Iran will counter the fresh sanctions the United States has imposed against entities and individuals involved in its ballistic missile program, Iranian Foreign Ministry said in a statement on Friday.
The U.S. sanctions, which came days after Iran conducted a ballistic missile test, are “inconsistent with the U.S. commitments and in contradiction with the spirit of the UN Resolution 2231,” it said.
Iran “will counteract any measure which targets the national interests of the Iranians.”
“Iran will also exercise legal restrictions on some U.S. individuals and companies who have the role in formation of and assistance to the extremist and terrorist groups in the region,” it said, adding that related names will be announced shortly.
Meanwhile, Iran again defended its missile launch as being part of its deterrent policy.
“Developing missile capabilities of the country, which is solely designed for defensive purposes and carrying the conventional weapons, is the international right of the Iranians based on the UN charter,” it said, reiterating that Iran’s security is non-negotiable.
UN Security Council Resolution 2231, adopted in July 2015 to endorse a nuclear deal between Iran and six world powers, opposes Iranian activities related to ballistic missiles capable of delivering nuclear weapons, including launches using such ballistic missile technology.
The United States on Friday announced sanctions on multiple entities and individuals involved in Iran’s ballistic missile program and providing support to a military force in Iran.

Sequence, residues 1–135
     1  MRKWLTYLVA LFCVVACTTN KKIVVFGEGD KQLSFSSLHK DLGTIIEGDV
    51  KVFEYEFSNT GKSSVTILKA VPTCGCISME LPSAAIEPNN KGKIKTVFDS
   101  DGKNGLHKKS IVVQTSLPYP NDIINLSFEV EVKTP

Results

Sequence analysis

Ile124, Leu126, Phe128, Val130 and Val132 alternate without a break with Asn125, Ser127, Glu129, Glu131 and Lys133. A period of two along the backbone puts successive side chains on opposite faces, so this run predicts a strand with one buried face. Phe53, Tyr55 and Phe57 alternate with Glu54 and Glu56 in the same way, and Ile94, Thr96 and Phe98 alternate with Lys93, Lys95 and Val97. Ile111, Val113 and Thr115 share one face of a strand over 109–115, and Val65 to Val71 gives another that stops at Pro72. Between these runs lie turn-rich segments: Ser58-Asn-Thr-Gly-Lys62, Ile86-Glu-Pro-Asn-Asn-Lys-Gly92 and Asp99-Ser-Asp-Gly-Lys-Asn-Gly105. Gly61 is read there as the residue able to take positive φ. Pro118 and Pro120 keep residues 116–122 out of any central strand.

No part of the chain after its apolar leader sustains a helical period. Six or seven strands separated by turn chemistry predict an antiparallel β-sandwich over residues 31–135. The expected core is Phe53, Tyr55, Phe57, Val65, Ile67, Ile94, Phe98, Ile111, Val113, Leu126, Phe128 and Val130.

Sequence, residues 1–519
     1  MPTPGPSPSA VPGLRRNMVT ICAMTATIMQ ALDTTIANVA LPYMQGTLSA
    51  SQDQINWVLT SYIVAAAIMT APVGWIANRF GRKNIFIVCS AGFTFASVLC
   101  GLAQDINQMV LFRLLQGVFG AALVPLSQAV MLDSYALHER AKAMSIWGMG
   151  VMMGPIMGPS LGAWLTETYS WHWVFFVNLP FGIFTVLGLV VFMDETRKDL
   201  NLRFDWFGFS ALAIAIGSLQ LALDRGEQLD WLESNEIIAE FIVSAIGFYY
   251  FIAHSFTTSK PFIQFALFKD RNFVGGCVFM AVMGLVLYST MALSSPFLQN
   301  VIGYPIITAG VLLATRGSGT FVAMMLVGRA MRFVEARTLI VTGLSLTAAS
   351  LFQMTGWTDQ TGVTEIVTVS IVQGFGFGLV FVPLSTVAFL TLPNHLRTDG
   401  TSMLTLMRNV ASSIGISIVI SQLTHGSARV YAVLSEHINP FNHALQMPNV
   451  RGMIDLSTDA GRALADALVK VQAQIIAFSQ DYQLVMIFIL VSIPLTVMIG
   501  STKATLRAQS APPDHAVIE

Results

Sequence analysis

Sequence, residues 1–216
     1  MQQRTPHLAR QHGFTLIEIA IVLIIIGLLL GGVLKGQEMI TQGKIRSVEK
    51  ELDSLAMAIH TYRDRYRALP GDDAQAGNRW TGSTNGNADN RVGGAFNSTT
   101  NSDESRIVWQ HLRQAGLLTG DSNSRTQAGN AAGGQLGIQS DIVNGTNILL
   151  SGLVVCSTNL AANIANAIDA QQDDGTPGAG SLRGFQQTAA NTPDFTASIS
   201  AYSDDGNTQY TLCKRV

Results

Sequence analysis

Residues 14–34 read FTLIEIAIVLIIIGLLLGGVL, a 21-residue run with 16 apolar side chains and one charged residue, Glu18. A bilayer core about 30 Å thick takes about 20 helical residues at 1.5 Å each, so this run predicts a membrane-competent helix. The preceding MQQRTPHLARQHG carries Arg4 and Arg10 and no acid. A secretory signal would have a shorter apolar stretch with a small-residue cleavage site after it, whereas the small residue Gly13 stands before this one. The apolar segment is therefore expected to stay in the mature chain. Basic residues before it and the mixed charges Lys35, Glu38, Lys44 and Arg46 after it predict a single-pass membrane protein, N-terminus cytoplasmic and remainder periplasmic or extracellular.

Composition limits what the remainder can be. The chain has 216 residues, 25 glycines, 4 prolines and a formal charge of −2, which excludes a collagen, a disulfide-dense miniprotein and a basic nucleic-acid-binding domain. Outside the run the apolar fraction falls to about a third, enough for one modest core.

The U.S. Treasury Department said in a statement that the action reflects the U.S. commitment to enforcing sanctions on Iran with respect to its ballistic missile program and “destabilizing” activities in the region, and is fully consistent with the U.S. commitments under the nuclear deal with Iran.
U.S. President Donald Trump also issued a warning to the Islamic republic, tweeting: “Iran is playing with fire.”
Before the sanctions, Washington on Wednesday officially put Iran “on notice” over its recent missile launch and an attack against a Saudi Arabian vessel by Iran-supported Houthi militants in Yemen.
In a statement, Michael Flynn, national security advisor to Trump, accused Iran of “destabilizing behavior across the Middle East.”
In response, Iran’s Foreign Ministry on Thursday dismissed Flynn’s comment on its missile launch as “baseless and provocative.”
In addition, in response to a Trump tweeted threat on Thursday that the United States will keep every option on the table vis-a-vis Iran’s “provocative” moves, Iranian Foreign Minister Mohammad Javad Zarif tweeted Friday: “Iran is unmoved by threats.”
Earlier, Zarif had warned Washington against using Iran’s missile program as an excuse to create new tension for the country, Iran’s official IRNA news agency reported.
On Friday, an IRNA report said the Iranian Foreign Ministry has decided against the participation of the U.S. men’s freestyle wrestling team in the world cup competitions to be held on Feb. 17-18 in Iran.
The decision is in reaction to Trump’s executive order signed on Jan. 27 to ban nationals from seven Muslim-majority countries, including Iran, from entering the United States, the IRNA report quoted foreign ministry spokesman Bahram Qasemi as saying.
The travel ban, which bars nationals from Iran, Iraq, Libya, Somalia, Sudan, Syria and Yemen from entering the United States for a period of 90 days, has drawn nationwide protests and worldwide criticism.
On Jan. 31, Iran said it stopped granting visas to U.S. citizens in response to the ban.